Having responded to numerous disasters over the course of almost 20 years, Josett Valdez, Regional CEO for the American Red Cross South Florida Region, flew to Baton Rouge, Louisiana just 24 hours following Hurricane Ida’s destructive landfall. Even with nearly two decades of experience, she shares, “I have come to learn each disaster is different and no matter how much you prepare for what it will look like when you arrive, you are never really prepared.”
When Josett arrived in Baton Rouge, the power was out, places to eat were scarce and on a hot summer day, there was no air conditioning to be found. But the one thing you could find were Red Crossers ready to help. Early the next morning, many set out with water, snacks and ready-to-eat meals where some volunteers would drive six hours round trip to make sure people in the communities impacted had what they needed.
The next day, Josett headed down to New Orleans with one goal in mind– find out where we can support and what type of support is needed. “In a city known for its live music and social energy, you could hear a pin drop in the French Quarter and Bourbon Street,” says Josett.
The city had been evacuated and what could be seen for miles were down trees, collapsed light poles and debris in every direction left behind by Ida. “I started roaming the city looking for needs and quickly found a line that must have been several blocks long. As I started talking to people, I discovered they had been waiting hours for water, food and ice at a grocery store and around the corner, a line equally as long for gas. People were standing in the 90 degree heat for basic needs. The snacks and water I had in my car went quickly and it was just the tip of what was needed,” she says.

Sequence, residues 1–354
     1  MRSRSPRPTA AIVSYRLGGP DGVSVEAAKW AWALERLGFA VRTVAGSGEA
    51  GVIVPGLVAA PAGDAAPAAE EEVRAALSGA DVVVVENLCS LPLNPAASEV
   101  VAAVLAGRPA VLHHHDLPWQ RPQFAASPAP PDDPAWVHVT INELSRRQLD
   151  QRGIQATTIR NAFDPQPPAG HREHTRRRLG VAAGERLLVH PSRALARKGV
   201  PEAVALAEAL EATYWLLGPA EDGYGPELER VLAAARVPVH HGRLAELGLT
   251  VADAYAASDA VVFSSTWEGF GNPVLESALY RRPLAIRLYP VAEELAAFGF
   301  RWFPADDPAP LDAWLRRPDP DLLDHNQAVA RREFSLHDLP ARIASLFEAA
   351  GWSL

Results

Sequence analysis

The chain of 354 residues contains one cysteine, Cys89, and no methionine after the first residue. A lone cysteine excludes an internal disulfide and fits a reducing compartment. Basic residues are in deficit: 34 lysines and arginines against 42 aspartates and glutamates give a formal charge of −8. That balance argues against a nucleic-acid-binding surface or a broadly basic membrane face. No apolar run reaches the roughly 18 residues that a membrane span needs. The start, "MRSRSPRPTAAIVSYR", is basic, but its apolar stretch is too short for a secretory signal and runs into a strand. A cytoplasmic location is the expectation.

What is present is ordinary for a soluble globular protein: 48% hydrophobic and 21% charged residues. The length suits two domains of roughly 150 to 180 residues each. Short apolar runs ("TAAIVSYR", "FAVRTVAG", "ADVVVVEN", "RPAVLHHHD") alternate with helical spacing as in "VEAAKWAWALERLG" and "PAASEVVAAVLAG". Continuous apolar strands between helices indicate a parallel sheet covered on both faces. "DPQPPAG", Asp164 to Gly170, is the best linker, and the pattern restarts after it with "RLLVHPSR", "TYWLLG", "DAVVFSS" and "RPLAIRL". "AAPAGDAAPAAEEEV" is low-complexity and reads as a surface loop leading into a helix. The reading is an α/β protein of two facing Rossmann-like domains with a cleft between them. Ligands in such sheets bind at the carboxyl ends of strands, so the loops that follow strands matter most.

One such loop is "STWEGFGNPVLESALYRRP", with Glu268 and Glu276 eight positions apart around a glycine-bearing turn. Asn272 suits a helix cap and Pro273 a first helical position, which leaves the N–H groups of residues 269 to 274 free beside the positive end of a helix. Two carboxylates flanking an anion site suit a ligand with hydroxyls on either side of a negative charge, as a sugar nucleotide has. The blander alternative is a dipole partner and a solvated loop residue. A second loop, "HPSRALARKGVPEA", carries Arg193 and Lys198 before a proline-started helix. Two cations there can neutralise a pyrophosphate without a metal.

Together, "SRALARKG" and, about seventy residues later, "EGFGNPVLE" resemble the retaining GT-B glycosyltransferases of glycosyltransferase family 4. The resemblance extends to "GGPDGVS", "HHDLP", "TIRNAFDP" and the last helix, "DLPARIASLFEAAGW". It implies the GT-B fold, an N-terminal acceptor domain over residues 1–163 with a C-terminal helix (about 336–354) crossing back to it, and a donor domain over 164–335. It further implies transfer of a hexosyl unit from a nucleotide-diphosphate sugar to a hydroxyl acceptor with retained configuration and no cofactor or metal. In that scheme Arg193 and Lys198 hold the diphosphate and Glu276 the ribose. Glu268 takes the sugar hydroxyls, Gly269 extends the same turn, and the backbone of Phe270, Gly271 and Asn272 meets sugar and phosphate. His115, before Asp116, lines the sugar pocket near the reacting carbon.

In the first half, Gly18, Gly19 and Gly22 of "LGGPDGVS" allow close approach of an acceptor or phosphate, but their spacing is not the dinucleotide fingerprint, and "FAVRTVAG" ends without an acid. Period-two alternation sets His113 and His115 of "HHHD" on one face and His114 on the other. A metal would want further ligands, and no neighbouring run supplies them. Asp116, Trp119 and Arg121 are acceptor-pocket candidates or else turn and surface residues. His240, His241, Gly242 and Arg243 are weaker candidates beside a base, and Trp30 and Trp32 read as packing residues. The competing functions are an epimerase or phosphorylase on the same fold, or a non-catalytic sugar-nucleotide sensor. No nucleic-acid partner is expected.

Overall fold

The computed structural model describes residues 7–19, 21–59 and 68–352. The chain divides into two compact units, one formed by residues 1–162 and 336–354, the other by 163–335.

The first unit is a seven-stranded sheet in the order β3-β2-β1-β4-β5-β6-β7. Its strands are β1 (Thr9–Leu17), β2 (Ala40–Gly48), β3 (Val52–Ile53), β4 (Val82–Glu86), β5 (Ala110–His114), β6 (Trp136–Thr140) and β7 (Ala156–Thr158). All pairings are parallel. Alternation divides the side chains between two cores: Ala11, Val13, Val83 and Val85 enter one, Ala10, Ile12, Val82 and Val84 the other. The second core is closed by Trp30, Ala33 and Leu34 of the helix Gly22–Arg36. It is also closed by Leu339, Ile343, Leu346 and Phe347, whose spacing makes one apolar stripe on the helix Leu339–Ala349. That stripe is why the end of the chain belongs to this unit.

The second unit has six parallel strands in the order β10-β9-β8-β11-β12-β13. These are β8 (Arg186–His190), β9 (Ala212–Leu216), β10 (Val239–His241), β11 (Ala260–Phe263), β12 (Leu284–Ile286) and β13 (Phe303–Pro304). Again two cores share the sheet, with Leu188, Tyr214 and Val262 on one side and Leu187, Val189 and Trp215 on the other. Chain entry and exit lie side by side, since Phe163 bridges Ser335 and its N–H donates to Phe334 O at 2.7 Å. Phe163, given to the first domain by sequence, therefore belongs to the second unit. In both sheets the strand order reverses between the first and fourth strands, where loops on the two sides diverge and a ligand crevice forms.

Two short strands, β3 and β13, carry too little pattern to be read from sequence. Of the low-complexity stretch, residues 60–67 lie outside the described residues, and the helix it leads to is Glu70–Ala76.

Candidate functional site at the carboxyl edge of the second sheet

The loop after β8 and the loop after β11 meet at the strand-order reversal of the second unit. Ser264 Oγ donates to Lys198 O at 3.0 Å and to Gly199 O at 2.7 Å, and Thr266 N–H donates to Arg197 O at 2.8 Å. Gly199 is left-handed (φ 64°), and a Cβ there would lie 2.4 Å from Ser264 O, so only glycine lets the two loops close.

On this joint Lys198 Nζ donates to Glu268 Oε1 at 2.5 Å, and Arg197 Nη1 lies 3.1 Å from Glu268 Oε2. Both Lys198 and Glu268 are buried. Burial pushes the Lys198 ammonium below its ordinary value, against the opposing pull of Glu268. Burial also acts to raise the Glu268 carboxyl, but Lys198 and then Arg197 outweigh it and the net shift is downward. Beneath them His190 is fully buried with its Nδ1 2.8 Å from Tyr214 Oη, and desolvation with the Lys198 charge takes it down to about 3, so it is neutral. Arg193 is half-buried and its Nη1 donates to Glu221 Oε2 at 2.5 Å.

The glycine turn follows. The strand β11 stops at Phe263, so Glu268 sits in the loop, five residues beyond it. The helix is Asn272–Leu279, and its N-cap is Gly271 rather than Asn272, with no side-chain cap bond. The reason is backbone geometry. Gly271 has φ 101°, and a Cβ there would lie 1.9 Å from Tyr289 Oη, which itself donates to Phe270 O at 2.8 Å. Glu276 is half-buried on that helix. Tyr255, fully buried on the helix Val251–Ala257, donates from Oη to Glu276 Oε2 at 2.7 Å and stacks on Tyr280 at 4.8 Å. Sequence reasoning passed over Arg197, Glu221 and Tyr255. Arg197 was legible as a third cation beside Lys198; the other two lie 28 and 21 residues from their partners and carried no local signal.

Within moments, Red Cross Emergency Response Vehicles arrived to provide food to these individuals in line who likely hadn’t had a warm meal in days. The smell of fresh food wafted in the air and as one resident said, he hadn’t smelled anything so wonderful in days, “it smelled and felt like hope.”
Red Cross volunteers were working in the blaring heat of the sun to hand out meals and they didn’t stop until every meal was gone.
“It’s witnessing moments like this that remind me of our true mission, alleviating human suffering in the face of emergencies by mobilizing the power of volunteers and the generosity of donors. The full bellies around the 9th Ward in New Orleans were due to the volunteers who sacrificed their Labor Day holiday plans of visiting with family and friends, to sweat in the New Orleans sun to ensure families didn’t go hungry,” says Josett.
While each disaster brings its own unique challenges, the Red Cross will always be there. Before, during and after a disaster, when those impacted see the Red Cross logo, they know it means hope and help.
To join our dedicated team of volunteers that provide that hope and help, visit redcross.org/volunteertoday.
By Siara Campbell, American Red Cross Public Affairs